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SP3D Structure Tutorial: Grids: An Overview

Session 1: Grids: An Overview


Objective:
By the end of this session, you will be able to:

Identify the tasks that can be performed using the Grids task in SP3D.

Prerequisite Session:

SP3D Overview

Overview:
The Grids task allows you to create and manipulate coordinate systems and reference planes
and cylinders defined relative to a coordinate system. For a rectangular grid system, you define
vertical grid planes parallel to the x (east)- and y (north)-axes and horizontal elevation planes.
For a radial grid system, you define concentric vertical cylinders, radial vertical planes passing
through the center of the cylinders, and horizontal elevation planes. A coordinate system has
only one reference plane or cylinder at a given position. For example, only one grid plane can
be created at x = 10 ft on the coordinate system named CS-0.
Grid lines are displayed at the intersection of the elevation planes and the vertical grid planes.
Grid arcs are displayed at the intersection of the elevation planes with the reference cylinders.
You can choose the elevation planes on which you want to show grid lines/arcs for a given
vertical grid plane/arc.
The reference planes and cylinders associated with the given coordinate system are displayed
in the Workspace Explorer nested under the coordinate system. You can select any system as
the parent of the coordinate system. The reference planes are also displayed for graphic
selection on rulers. You can turn these rulers off/on by using the View > Rulers command.
The positions of the reference planes are shown as check marks on the rulers. You can drag
these rulers to any position you want in the graphic window.
You can use the coordinate systems, reference planes, and the grid lines/arcs when positioning
your design objects in the 3D model. Use any number of different reference grid systems for
pipe racks, buildings, or other areas of the plant. If you modify the position of the reference
planes/cylinders later, then the associated grid lines/arcs move and all design objects whose
positions depend on these reference elements also move.
Figure 1 shows a rectangular grid.

Figure 1: Rectangular Grid


Copyright 2009 Intergraph Corporation

Last Updated: March 6, 2009 for SmartPlant 3D 2009

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SP3D Structure Tutorial: Grids: An Overview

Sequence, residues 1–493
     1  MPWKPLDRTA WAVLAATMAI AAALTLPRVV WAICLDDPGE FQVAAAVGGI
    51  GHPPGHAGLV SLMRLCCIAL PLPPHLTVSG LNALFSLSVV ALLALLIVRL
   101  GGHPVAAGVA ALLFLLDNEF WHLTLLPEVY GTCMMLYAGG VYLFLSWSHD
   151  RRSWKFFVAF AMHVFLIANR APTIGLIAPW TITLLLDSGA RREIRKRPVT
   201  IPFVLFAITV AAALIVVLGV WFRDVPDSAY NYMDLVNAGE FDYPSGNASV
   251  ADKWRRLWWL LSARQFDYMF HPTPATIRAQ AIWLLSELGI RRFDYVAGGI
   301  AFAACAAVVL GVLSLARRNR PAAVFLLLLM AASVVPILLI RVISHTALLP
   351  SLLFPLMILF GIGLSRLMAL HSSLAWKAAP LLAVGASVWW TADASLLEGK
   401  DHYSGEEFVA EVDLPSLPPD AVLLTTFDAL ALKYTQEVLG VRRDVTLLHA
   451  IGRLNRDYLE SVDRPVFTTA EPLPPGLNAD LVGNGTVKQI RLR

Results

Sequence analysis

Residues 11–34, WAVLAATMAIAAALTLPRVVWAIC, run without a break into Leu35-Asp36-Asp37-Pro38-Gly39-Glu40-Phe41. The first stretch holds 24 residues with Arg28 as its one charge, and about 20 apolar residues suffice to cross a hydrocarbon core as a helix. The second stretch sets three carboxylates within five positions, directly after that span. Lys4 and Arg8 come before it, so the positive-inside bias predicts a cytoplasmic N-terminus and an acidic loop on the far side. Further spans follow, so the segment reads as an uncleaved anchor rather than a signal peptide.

Figure 2 shows a radial grid.

Figure 2: Radial Grid

To open the Grids task, click the Tasks > Grids command.

Coordinate Systems:

Figure 3: Coordinate System

Right-handed coordinate systems can be defined for positional reference. In a right-handed


coordinate system, the positive direction of the axes are defined, as shown in Figure 4, using
the thumb pointing to positive x (east), the index finger pointing to y (north), and the middle
finger pointing to z (elevation).

Figure 4: Right-Handed Coordinate System

Copyright 2009 Intergraph Corporation

Last Updated: March 6, 2009 for SmartPlant 3D 2009

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SP3D Structure Tutorial: Grids: An Overview

In the modeling environment, you can interact with the coordinate system in rectangular,
spherical, or cylindrical coordinates by selecting the desired coordinate input/output option on
the PinPoint ribbon. It is the same coordinate system, but just a different coordinate mode.
There are two types of coordinate systems:

Global coordinate system


Design coordinate system (local coordinate system)

Global Coordinate System:


Each model contains one global coordinate system, which you cannot edit or delete. All data
you create is stored in the database relative to this coordinate system.
You can view coordinates while you model and output coordinates to drawings relative to the
global coordinate system or any local or design coordinate system.
The positive y-axis designates the north axis and the positive z-axis designates the elevation
axis.

Tips:

Model your graphics within 10,000 meters of the global origin to avoid problems with
round-off errors in calculations.

To visually reference the global coordinate system, you can activate the global
coordinate display by using the Coordinate system drop-down list on the PinPoint
ribbon, as shown in Figure 5.

Figure 5: Coordinate System Drop-Down List on the PinPoint Ribbon

Design Coordinate System:


Design coordinate systems are created in relation to the global coordinate system by specifying